The authors would like to thank Kerry Bauer, Mary Sheckton, and Amy Rubin, who served as interaction partners, and Lesley Pearl, who assisted in data coding.
Shyness and PublicSelf-Consciousness: Additive orInteractive Relation withSocial Interaction?
Article first published online: 28 APR 2006
Journal of Personality
Volume 63, Issue 1, pages 47–63, March 1995
How to Cite
Bruch, M. A., Hamer, R. J. and Heimberg, R. G. (1995), Shyness and PublicSelf-Consciousness: Additive orInteractive Relation withSocial Interaction?. Journal of Personality, 63: 47–63. doi: 10.1111/j.1467-6494.1995.tb00801.x
- Issue published online: 28 APR 2006
- Article first published online: 28 APR 2006
- Manuscript received August 21, 1992: revised August 11, 1993.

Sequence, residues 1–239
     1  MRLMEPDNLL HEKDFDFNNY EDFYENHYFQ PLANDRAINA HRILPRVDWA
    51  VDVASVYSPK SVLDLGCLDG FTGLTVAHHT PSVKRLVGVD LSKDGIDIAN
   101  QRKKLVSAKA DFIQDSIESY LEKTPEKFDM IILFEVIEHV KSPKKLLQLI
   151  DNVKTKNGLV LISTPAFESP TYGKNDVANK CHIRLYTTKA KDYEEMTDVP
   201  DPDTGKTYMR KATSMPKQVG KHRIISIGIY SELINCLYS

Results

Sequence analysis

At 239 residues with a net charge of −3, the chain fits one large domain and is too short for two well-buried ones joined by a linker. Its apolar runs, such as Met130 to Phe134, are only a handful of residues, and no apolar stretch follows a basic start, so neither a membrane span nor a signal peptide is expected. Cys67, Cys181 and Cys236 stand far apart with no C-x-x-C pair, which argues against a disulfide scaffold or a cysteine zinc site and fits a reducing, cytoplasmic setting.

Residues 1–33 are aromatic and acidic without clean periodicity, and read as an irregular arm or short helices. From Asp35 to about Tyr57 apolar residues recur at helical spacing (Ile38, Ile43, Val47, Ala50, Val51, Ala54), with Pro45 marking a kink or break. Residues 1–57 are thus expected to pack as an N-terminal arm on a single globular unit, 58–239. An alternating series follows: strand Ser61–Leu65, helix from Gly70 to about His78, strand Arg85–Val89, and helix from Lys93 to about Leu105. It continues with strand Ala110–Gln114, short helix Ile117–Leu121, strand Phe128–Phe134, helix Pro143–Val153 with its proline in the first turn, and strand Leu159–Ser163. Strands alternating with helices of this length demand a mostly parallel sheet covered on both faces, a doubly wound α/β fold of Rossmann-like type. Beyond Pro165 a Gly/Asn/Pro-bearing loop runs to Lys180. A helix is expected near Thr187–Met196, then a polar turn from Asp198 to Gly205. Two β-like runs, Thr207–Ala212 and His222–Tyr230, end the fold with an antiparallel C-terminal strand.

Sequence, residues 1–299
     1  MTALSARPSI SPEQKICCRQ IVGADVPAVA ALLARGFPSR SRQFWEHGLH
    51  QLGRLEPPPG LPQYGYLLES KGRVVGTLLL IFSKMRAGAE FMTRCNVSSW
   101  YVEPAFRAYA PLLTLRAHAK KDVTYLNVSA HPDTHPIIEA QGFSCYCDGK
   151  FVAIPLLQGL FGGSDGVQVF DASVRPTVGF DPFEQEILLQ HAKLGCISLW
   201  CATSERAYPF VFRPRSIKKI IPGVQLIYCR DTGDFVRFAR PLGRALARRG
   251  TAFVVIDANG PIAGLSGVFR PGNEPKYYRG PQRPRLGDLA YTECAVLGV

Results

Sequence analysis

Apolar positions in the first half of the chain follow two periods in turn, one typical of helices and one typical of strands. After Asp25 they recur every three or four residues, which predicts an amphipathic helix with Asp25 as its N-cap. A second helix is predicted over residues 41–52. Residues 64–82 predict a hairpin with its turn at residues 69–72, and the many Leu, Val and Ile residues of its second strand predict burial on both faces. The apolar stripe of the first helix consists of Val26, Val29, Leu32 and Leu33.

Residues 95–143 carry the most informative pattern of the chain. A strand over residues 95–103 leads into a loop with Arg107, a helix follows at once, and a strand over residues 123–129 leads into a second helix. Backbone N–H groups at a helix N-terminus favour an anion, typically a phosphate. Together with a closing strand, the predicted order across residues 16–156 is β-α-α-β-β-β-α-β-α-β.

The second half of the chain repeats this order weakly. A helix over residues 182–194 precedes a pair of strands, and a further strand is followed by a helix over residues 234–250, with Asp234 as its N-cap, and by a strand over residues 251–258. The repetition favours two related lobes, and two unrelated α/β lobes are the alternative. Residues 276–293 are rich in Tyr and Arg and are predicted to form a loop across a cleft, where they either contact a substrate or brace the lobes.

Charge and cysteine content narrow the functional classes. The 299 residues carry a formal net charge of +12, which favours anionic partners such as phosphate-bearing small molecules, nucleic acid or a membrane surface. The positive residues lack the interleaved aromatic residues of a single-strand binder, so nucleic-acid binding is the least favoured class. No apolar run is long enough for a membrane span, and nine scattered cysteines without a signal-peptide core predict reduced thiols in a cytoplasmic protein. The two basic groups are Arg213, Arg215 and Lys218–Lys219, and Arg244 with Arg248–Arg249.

Shy people are characterized as engaging in self-derogatory thinking leading to anxiousness and inhibition, while people who are publicly self-conscious are focused on the impression they create on others. In addition, public self-consciousness has been described as an antecedent of shyness. In the present research, we tested additive versus interactive hypotheses about the association of shyness and public self-consciousness with dysfunctional social interaction. Undergraduate men varying in shyness and public self-consciousness engaged in a conversation with an unfamiliar woman confederate. Following the conversation, subjects completed self-report measures focusing on their responses during the conversation. Only main effects for shyness and public self-consciousness were found, supporting an additive hypothesis. Shyness was related to all dependent variables reflecting a negative self-bias, while public self-consciousness was not. In particular, shyness was inversely related to the balance of subjects' positive and negative thoughts and to reported use of protective as well as avoidance of acquisitive self-presentation responses. Public self-consciousness was positively related to use of protective self-presentation responses but unrelated to acquisitive responses.